Not quite right. This would never be a foul tip. Also, any time a pitched ball hits a batter, the ball is dead--it can never be hit in play or a foul, etc. If the pitch first hits a player's hands (or any part of the body) while he is taking a full swing, it is a dead ball and a strike, even if the ball is hit. No runners may advance. If a pitch first hits the hands while the swing is a half-swing but "he didn't go", and the umpire judges that the batter didn't try to avoid it, then it is a dead ball and a ball (a pitch not in the strike zone). If he did try to avoid it, then it is a hit by pitch. I think these are clear in the articles I've linked. If not, edit them or let me know. If you're confused, just remember this one thing: The hands are NOT part of the bat--ever. --Locarno 14:31, 28 July 2006 (UTC)Reply[reply]
Batters foul balls off parts of themselves all the time. Usually it's their legs, but still. As long as it hits the bat first, it's foul. However, after looking up the definition of a "strike" in rule 2, I'll agree that it can't ever be put in play. The rule I referenced (6.08) is silent about that. Thanks for the clarification. Dakern74 14:58, 28 July 2006 (UTC)Reply[reply]
Very true--that's when it hits the bat first. Once the ball hits the bat, it is no longer a pitched ball. Sorry if I wasn't clear. If there's anywhere the articles are unclear, let me know and we can fix it. --Locarno 16:32, 28 July 2006 (UTC)Reply[reply]
I'm going to copy this discussion over to Talk:Hit by pitch since it's more specific to that topic. Then maybe it can be removed from the overall "baseball" page to shorten it up a little. You'll find I also added some of these conclusions to the original hit by pitch article. Thanks for the help. Dakern74 17:11, 28 July 2006 (UTC)Reply[reply]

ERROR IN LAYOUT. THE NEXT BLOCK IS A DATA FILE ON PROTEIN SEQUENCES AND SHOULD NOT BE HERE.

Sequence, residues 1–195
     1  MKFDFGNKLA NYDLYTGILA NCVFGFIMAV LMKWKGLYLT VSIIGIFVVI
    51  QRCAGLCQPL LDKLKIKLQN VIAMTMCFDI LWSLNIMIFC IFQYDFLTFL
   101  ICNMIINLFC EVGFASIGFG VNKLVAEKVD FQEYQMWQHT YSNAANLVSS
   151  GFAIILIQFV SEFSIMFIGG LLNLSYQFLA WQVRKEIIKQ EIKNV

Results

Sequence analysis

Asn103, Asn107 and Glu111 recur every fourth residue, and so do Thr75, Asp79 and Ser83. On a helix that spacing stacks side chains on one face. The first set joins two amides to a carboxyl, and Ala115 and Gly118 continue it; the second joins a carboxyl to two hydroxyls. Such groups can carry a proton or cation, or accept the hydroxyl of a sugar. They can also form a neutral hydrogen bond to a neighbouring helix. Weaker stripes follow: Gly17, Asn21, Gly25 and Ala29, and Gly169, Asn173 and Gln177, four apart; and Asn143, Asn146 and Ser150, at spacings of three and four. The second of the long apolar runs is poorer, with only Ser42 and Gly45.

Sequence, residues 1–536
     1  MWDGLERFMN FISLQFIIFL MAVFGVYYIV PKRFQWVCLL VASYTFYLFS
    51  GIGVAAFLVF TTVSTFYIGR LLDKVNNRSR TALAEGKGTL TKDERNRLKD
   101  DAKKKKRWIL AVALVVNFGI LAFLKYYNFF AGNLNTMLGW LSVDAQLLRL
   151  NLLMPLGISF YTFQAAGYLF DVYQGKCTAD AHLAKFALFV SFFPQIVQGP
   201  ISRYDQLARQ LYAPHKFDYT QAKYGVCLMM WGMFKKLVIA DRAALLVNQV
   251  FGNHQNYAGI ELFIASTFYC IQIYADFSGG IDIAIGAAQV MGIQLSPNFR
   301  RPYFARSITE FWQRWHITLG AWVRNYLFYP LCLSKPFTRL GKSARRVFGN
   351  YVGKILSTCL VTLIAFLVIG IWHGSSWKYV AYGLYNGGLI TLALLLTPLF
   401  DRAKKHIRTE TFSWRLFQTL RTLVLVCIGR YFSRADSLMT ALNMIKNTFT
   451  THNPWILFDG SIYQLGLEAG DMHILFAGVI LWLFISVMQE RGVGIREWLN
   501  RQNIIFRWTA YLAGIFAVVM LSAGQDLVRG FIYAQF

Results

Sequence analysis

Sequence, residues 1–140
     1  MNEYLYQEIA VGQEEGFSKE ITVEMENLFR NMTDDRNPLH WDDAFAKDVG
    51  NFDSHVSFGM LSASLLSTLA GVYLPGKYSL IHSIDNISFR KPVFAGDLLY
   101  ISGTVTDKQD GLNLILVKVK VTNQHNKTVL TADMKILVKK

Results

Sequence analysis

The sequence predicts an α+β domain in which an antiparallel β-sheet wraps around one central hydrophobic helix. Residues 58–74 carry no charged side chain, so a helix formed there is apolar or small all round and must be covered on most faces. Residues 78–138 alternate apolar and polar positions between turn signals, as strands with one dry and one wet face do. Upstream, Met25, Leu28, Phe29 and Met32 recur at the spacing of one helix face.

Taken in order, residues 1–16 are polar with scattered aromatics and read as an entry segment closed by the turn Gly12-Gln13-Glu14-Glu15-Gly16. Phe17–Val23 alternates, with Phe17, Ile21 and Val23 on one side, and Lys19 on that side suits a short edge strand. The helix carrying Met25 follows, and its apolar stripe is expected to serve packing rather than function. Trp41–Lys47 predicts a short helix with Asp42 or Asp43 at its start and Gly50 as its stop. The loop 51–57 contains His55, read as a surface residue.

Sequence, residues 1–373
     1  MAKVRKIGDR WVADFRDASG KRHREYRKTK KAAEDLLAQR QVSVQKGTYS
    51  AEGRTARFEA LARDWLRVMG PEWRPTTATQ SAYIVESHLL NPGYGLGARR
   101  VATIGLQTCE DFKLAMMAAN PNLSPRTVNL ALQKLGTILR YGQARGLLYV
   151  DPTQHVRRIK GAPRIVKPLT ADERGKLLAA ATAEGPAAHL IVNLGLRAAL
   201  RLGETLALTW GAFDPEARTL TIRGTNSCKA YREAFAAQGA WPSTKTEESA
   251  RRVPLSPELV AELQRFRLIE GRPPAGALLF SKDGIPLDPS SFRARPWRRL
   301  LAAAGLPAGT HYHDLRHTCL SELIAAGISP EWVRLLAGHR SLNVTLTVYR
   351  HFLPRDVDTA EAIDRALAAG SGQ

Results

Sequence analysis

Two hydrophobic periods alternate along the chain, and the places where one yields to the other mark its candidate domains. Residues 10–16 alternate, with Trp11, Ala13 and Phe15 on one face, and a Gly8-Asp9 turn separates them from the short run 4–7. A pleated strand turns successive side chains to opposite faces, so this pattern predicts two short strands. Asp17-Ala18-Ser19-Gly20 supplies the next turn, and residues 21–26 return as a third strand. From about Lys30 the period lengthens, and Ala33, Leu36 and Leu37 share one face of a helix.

who holds the record for being hit by a pitch in 2007? —Preceding unsigned comment added by (talk) 23:44, 8 September 2007 (UTC)Reply[reply]


Ok, HBP can also stand for half blood prince, the harry potter book, why cant this be a disambiguation? —Preceding unsigned comment added by (talk) 19:00, 17 September 2007 (UTC)Reply[reply]

Noteworthy? At least ironic?[edit]

I find irony in the fact that baseball's sister sport, cricket, actually punishes the batsman in some situations for being hit by a pitch. But I don't know if this irony is worth putting into the article. 49giantsharks (talk) 01:36, 21 October 2010 (UTC)Reply[reply]

It depends on what is published in reliable sources. What you or I find ironic is not relevant to the article. --Jameboy (talk) 14:57, 26 April 2014 (UTC)Reply[reply]


if you are hit by a pitch, not in the strike zone and you try to avoid it, can you refuse being awarded first and continue the at bat? — Preceding unsigned comment added by (talk) 19:32, 20 June 2011 (UTC)Reply[reply]

No, just like you can't refuse being awarded first after a fourth ball. --Sneftel (talk) 15:28, 10 May 2012 (UTC)Reply[reply]


I find:

"in the NL the pitchers must bat for themselves and open themselves up to direct retaliation (although hitting a fellow pitcher is a serious breach of baseball etiquette)"

How about the May 30, 1966 Phillies at Mets (2nd game of doubleheader)?

Dick Selma (NY Mets) hit Dick Allen (at that time, called "Richie Allen" by the news media).

Bob Buhl hit Selma, who had to be taken out for a pinch runner.

The new Mets pitcher, Jack Fisher, hit Buhl.

We have just had the case where the Phillies' Cole Hamels got a 5-game suspension and a fine (undisclosed amount) after he publicly admitted he deliberately hit the Nationals' Bryce Harper. In that game, a Washington pitcher then hit Hamels, and both benches were warned. — Preceding unsigned comment added by (talk) 18:52, 8 May 2012 (UTC)Reply[reply]

Getting in trouble because you publicly admitted hitting a batter? I am reminded of a lyric in Peter, Paul & Mary song "I Dig Rock & Roll Music":

But if I really say it

The radio won't play it

Unless I lay it between the lines. — Preceding unsigned comment added by (talk) 17:34, 16 May 2012 (UTC)Reply[reply]

Modern day[edit]

The Records section mentions the "modern day record" 3 times but does not define what the modern day era is. When did old-time baseball end and modern day baseball begin exactly?? --Jameboy (talk) 15:00, 26 April 2014 (UTC)Reply[reply]